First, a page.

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7 Bosnian Serbs convicted in Srebrenica genocide trial

A court in Bosnia-Herzegovina has convicted seven Bosnian Serbs of committing genocide in Srebrenica in 1995.

A court in Bosnia-Herzegovina has convicted seven Bosnian Serbs of committing genocide in Srebrenica in 1995.

Another four people were acquitted as the decision in the two-year trial was handed down in Sarajevo on Tuesday.

Three former policemen, Milenko Trifunovic, Brano Dzinic and Aleksandar Radovanovic, were sentenced to 42 years in prison; another three former policemen, Milos Stupar, Slobodan Jakovljevic and Branislav Medan, received 40-year sentences; and one, Petar Mitrovic,  was sentenced to 38 years.

Tuesday's ruling was the Bosnian war crimes court's first sentence related to Srebrenica, the worst massacre committed in Europe since the Second World War.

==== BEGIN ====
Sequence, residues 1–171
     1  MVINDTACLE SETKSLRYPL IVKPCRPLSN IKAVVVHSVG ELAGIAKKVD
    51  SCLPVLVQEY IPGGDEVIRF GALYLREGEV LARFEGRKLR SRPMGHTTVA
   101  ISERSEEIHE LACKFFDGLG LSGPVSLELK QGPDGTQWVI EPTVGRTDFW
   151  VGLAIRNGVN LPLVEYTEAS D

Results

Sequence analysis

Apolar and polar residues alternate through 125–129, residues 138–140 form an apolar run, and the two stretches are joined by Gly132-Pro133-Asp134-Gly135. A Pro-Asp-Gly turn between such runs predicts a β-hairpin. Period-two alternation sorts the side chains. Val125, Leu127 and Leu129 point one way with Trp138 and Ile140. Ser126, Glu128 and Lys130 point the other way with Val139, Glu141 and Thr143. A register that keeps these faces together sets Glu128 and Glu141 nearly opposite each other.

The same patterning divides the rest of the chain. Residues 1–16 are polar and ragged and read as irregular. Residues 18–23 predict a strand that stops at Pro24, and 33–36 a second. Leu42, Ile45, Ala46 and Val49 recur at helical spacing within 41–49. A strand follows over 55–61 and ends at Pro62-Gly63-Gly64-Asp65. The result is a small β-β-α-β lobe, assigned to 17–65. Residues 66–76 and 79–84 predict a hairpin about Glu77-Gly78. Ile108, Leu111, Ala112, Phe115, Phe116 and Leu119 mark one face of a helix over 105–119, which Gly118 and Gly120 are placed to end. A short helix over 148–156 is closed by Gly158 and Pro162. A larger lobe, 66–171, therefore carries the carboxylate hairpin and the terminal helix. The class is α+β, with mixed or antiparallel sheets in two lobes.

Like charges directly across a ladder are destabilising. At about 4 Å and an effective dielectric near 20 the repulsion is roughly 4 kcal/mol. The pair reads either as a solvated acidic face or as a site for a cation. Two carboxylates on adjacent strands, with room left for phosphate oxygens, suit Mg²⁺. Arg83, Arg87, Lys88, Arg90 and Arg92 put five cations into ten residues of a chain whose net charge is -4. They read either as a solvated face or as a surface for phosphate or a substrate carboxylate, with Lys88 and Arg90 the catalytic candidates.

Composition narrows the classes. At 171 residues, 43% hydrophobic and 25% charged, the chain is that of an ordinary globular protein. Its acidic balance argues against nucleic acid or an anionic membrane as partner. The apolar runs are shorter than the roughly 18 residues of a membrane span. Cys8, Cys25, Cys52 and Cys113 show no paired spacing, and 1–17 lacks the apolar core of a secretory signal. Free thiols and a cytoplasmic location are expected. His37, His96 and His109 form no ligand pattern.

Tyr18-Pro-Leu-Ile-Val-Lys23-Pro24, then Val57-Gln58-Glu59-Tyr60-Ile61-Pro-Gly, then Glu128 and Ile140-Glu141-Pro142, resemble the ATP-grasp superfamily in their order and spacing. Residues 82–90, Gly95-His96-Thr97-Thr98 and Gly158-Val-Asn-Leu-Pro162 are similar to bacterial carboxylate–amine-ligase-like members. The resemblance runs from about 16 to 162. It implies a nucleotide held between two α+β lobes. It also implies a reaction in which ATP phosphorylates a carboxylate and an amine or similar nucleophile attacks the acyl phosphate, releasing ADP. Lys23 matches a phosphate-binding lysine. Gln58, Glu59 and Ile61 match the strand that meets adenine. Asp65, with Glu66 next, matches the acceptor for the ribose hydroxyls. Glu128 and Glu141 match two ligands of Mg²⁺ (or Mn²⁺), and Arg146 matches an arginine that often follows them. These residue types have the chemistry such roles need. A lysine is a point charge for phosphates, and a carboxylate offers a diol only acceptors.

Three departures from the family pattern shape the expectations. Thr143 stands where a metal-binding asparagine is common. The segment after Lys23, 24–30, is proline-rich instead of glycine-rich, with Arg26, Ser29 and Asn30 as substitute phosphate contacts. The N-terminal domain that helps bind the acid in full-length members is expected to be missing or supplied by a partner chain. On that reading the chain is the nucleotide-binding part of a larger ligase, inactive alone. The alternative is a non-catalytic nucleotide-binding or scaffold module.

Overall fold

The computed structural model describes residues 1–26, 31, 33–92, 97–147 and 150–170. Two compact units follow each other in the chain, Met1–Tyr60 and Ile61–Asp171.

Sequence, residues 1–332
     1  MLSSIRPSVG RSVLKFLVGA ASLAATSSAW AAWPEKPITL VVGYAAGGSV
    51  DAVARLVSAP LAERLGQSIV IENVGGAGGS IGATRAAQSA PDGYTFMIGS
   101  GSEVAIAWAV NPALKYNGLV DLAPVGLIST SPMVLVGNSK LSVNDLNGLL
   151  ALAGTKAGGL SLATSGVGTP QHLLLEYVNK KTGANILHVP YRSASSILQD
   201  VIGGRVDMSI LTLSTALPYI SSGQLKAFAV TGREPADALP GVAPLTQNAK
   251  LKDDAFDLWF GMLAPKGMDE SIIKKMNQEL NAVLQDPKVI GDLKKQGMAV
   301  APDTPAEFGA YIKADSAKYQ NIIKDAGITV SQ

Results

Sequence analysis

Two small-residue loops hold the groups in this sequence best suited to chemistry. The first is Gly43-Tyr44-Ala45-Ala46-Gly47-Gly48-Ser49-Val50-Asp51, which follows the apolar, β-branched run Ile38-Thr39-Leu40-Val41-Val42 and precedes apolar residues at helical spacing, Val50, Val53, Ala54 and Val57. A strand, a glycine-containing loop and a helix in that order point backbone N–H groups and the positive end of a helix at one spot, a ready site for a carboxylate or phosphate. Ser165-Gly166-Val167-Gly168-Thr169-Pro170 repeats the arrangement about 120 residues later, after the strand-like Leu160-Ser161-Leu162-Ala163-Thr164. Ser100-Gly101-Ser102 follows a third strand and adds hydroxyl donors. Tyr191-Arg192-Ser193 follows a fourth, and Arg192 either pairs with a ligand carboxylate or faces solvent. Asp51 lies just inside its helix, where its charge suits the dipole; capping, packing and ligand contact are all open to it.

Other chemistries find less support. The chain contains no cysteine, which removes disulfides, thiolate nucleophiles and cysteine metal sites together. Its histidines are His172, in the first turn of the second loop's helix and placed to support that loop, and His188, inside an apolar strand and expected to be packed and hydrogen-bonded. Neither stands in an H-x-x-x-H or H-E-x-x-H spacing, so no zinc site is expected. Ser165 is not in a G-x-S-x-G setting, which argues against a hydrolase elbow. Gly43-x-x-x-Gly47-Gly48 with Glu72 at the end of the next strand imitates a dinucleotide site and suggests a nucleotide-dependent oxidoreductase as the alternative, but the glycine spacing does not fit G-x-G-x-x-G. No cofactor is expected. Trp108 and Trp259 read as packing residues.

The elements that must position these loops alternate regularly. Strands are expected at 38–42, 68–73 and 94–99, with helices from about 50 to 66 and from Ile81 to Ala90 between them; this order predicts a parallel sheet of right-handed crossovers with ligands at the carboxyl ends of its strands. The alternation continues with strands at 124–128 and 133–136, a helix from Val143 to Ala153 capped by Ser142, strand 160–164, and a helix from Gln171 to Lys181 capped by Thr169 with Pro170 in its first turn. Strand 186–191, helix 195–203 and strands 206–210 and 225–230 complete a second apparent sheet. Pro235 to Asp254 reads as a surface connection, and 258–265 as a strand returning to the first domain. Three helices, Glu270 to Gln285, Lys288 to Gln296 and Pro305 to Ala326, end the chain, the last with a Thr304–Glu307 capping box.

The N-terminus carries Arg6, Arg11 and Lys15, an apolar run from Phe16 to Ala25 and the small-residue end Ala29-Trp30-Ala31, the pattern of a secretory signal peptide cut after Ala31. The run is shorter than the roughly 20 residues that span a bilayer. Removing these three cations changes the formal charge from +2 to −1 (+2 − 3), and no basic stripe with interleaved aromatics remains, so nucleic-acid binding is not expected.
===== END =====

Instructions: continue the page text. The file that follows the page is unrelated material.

The seven were convicted of killing of more than 1,000 captured men of Muslim origin, known as Bosniaks, after Bosnian Serb forces conquered the eastern Bosnian town of Srebrenica. 

The judges acquitted Velibor Maksimovic, Dragisa Zivanovic, Milovan Matic and Miladin Stevanovic, concluding the prosecutor failed to prove beyond doubt that they took part in the war crimes.

Widows and mothers of the victims were in the courtroom when the verdict was read.

"Nothing can ease my pain," said Munira Subasic, a woman from Srebrenica who lost her son in the massacre. Her son's body has never been found, although more than 3,200 other victims have been found in nearby mass graves, identified through DNA analysis and reburied.

News of the convictions came as thousands of ultra-nationalist Serbs poured into the Serbian capital of Belgrade for a right-wing demonstration tied to the recent capture of former president Radovan Karadzic.

He stands accused of war crimes in connection with the 1995 Srebrenica affair, which killed an estimated 8,000 men and boys in the space of one week, as well as about 10,000 deaths during the three-year siege of Sarajevo in the mid-1990s.

Karadzic now faces extradition to the Netherlands for an appearance in front of a United Nations tribunal in The Hague.

With files from the Associated Press

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